UPDATE: Blinkybug Kits, which include all the parts to make 4 bugs, are now available on Make Magazine's online Maker Store.
Blinkybugs are small, eletro-mechanical insects that respond to stimulus such as movement, vibration, and air currents by blinking their LED eyes. They're incredibly simple, yet have a certain lifelike quality.
I've been making variations of these for a while now, and showing others how to make them at museums, fairs, workshops, etc. It isn't rocket science, but there's some tricky soldering involved, and they usually take a person at least an hour to put together for the first time.
I wanted to come up with a solder-free version for the workshop I was organizing for the http://www.makerfaire.com/ 2007 Maker Faire], which took place May 19 + 20 in San Mateo, CA. So after a bit of experimenting, I came up with this simpler design.
Step 1: Tools and Parts
- Glue gun + glue sticks
- Rotary tool w/ metal cutting blade (a hacksaw or similar may work)
- Safety goggles
- Metal file
- Measuring tape or yardstick
- Wire cutters
- Needle-nose pliers (2 pairs would be nice)
- Permanent marker
- Scotch tape
- .009" guitar string
- Coin-cell battery
- 5mm LEDs (2 per bug)
- Pipe clieaners (aka "chenille sticks")... assorted colors.
- Coin cell battery... 3V 2032 type.
- Thin copper tubing: 1/16 x .014
LEDs can be found anywhere on the webernet, and are actually fairly cheap at Radio Shack if (and only if) you buy the variety pack. One can obtain the coin-cell batteries at your local drug store, and they are also available widely online, such as at DigiKey. You should be able to get "singles" of the guitar strings at any music shop. The pipe cleaners can be found at tobacco shops and arts + crafts suppliers.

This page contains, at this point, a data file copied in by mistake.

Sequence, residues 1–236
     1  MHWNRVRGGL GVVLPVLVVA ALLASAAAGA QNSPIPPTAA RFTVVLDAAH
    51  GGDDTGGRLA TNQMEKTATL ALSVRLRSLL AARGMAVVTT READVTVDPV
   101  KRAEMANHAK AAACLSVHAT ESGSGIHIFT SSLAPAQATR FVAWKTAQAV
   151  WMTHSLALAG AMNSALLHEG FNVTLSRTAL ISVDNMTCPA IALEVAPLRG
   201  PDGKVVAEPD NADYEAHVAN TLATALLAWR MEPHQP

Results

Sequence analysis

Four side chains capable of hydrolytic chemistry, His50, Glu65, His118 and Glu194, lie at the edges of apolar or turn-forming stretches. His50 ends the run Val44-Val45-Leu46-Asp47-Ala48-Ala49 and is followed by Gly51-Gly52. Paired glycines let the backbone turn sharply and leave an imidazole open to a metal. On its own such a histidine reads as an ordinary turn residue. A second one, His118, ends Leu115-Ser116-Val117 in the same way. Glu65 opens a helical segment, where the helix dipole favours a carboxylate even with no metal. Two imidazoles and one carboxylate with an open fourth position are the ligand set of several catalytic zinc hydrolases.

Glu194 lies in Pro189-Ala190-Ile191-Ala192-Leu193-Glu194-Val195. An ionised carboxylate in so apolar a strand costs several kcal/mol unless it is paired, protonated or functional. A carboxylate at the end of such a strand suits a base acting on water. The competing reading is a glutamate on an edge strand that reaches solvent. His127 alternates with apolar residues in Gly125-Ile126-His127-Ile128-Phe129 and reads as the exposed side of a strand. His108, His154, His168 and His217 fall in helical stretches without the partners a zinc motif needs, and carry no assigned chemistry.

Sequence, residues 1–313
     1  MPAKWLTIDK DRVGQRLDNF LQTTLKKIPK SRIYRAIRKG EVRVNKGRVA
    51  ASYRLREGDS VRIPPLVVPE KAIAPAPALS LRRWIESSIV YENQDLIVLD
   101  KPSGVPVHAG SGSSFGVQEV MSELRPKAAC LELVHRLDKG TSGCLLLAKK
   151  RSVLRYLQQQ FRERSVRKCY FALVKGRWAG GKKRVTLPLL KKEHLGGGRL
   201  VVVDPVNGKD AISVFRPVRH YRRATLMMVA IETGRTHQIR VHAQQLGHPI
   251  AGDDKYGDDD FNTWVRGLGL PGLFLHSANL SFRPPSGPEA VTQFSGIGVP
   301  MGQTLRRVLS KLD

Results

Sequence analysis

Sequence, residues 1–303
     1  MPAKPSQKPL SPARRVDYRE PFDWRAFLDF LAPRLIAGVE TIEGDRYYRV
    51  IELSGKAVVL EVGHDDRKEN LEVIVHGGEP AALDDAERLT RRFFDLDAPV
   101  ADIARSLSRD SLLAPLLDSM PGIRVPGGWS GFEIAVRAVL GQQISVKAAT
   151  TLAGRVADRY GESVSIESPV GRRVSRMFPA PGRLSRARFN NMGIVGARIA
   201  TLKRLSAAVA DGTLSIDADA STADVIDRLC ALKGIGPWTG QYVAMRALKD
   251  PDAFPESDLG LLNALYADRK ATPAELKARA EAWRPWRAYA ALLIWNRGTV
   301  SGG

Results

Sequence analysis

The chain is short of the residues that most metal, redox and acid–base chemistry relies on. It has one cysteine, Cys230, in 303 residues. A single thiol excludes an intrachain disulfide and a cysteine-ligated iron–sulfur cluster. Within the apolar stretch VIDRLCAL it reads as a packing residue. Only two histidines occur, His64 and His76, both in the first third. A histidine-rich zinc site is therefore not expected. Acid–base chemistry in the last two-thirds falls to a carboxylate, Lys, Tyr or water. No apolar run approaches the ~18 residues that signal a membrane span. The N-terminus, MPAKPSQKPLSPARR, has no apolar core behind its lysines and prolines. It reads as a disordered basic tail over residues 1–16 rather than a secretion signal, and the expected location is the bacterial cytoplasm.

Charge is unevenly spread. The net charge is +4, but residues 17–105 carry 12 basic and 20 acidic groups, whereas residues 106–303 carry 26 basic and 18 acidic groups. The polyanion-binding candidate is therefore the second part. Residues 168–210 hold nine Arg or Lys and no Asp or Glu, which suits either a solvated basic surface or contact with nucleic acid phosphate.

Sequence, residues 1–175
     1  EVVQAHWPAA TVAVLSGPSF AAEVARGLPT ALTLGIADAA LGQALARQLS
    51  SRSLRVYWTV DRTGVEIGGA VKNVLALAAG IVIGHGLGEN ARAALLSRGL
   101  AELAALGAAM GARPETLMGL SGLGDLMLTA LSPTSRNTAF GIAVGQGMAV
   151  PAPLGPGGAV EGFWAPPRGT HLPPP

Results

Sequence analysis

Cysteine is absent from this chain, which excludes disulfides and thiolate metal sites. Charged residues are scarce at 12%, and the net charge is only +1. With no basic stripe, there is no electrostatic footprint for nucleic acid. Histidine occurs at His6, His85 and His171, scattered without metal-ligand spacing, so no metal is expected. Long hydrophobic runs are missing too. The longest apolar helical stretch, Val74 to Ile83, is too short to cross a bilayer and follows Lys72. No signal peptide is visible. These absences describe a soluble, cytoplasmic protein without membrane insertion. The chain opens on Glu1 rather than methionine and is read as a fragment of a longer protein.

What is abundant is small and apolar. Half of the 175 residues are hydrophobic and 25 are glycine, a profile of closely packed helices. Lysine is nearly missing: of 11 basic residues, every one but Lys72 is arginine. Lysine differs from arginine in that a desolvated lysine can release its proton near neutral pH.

Step 2: Preparing the Guitar String
The guitar strings I use (D'Adarrio) are 39" long, so may be cut into three 13" pieces (One bug requires a single 13" length). First trim the end with the ball and the little extra twisted bit, then measure and cut. Put these aside for now.
Step 3: Prepare the Copper Tubing
The copper tubing is cut into 1 1/2" lengths (1 piece per bug). This will act as the guitar string / antenna "guide," so the guitar wire must fit through the tube after the pieces are cut. This turns out to be tricky as it's very easy to block the tube opening when cutting. I find that my Dremel tool does OK most of the time, but on many pieces I end up bunging the thing up. Wire clippers definitely do NOT work, as they unfailingly crimp the ends closed.
Measure and mark the copper tubing at 1 1/2" inch intervals. Now carefully cut the copper tubing with your rotary tool... of course while wearing eye protection as little copper bits will be flying every which way! Set it at a high speed, and let the tool do the work... don't force the tubing against the cutter.
I tried this with a hacksaw with little luck... maybe you'll do better! For the Faire I'm getting them pre-cut at the factory to bypass this trouble.
Finally, clean up the cut ends with a metal file.